What Methods Are Used to Determine REITs’ Valuation?

Traditional valuation methods don’t apply to REITs because their operations are different from traditional companies. REITs are valued based on three main techniques.

Peter Barnes - Author

Sep. 4 2015, Updated 9:06 a.m. ET

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Traditional valuation methods aren’t relevant

Traditional valuation methods don’t apply to REITs because their operations are different from traditional companies. REITs like Simon Property Group (SPG), Ventas (VTR), and Equity Residential (EQR) purchase properties based on estimated cash inflows from that property over its life term, not on earnings or historical book values. In this case, the assets are more important. REITs are valued based on three main techniques namely FFO (funds from operations), AFFO (adjusted funds from operations), and NAV (net asset value). We prefer to ignore the dividend discount method because it isn’t very appropriate for REITs’ valuation.

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Fund From Operations

FFO is a measure used by REITs to evaluate the cash generated from their operations. The formula is:

FFO = net income + depreciation and amortization + impairment charges + losses from sale of property – gains from sale of property

Similar to EPS (earnings per share), FFO per share is used as a barometer to gauge a REIT’s profitability per unit of shareholder ownership. FFO per share is derived by dividing FFO by the weighted average of fully diluted shares.


FFO doesn’t deduct the capital expenditures required to maintain the existing portfolio of properties that’s required to sustain properties’ economic income. In other words, FFO tends to overstate a REIT’s profitability. In order to correct this anomaly, some adjustments need to be made to FFO to arrive at a REIT’s cash flow.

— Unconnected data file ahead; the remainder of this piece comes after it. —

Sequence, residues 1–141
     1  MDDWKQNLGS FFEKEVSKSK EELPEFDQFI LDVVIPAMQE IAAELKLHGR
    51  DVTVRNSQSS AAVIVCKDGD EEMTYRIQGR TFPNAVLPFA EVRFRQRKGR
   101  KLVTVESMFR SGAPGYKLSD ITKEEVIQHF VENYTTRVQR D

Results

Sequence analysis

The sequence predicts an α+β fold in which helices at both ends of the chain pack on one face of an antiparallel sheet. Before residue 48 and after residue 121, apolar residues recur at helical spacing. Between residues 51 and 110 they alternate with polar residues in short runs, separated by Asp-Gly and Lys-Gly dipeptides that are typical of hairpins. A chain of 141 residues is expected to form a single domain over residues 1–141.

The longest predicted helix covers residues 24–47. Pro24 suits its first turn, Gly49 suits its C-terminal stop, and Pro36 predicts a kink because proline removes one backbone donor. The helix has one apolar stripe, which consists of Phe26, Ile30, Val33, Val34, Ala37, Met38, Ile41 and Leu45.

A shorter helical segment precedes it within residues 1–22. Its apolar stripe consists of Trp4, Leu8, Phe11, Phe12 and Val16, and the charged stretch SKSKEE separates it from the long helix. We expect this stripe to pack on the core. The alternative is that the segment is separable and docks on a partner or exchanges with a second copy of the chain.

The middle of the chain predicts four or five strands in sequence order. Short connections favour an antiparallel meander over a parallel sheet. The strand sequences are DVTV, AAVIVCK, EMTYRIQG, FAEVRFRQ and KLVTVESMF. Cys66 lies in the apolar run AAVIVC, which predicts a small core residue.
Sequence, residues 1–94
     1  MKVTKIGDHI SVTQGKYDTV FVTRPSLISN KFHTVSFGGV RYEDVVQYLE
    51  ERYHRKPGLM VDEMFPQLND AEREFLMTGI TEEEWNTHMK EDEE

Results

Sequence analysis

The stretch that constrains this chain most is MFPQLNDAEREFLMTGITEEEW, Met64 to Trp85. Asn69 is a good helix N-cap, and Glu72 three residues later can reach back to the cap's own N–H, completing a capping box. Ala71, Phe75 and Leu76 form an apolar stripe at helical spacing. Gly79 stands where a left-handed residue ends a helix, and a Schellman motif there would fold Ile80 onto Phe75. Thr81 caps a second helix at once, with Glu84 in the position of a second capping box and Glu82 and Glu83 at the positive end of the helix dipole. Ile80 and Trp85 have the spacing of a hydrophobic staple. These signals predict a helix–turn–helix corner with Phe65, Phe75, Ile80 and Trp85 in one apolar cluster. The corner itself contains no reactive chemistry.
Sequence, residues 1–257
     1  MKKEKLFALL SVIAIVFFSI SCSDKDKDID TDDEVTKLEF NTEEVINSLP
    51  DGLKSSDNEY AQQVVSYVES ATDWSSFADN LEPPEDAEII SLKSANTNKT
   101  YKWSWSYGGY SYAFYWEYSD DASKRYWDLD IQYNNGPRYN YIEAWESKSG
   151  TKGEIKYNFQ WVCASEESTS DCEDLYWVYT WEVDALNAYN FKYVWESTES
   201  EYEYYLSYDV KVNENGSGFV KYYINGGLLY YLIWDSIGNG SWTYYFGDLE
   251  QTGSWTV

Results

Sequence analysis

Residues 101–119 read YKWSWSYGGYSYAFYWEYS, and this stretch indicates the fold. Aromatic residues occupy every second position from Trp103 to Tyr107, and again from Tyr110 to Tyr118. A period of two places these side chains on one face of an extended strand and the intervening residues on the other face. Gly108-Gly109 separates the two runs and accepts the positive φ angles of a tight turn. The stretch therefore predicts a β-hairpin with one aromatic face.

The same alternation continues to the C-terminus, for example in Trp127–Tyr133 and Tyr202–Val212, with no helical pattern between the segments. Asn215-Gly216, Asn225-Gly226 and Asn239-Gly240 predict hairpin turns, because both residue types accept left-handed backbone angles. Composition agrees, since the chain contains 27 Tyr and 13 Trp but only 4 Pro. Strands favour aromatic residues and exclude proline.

AFFO = FFO – recurring capital expenditures +/- adjustments for straight-lining of rents.

Recurring capital expenditures in the above formula are those that are necessary to maintain properties and income streams like new carpet and drapes, appliances, leasing expenses, and tenant improvement allowances.

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Straight-line rent is also known as “non-cash revenue.” A long-term lease often contains contractual rent increases over the life of the lease. In such cases, the company must “straight-line” the entire revenue stream over the term of the lease rather than recognize revenue because the cash is collected each period.


One of the most important valuation metrics for REITs is NAV. It tries to determine the underlying value of a REIT. NAV is the market value of all the assets, including cash and indirect property assets, net of liabilities and deliberated dividends or distributions. A high NAV indicates that REITS have strong earning potential and good management.

Investors looking for diversification in the REIT sector can get exposure to REIT ETFs like the Vanguard REIT ETF (VNQ), the iShares U.S. Real Estate ETF (IYR), and the iShares Cohen & Steers REIT ETF (ICF).


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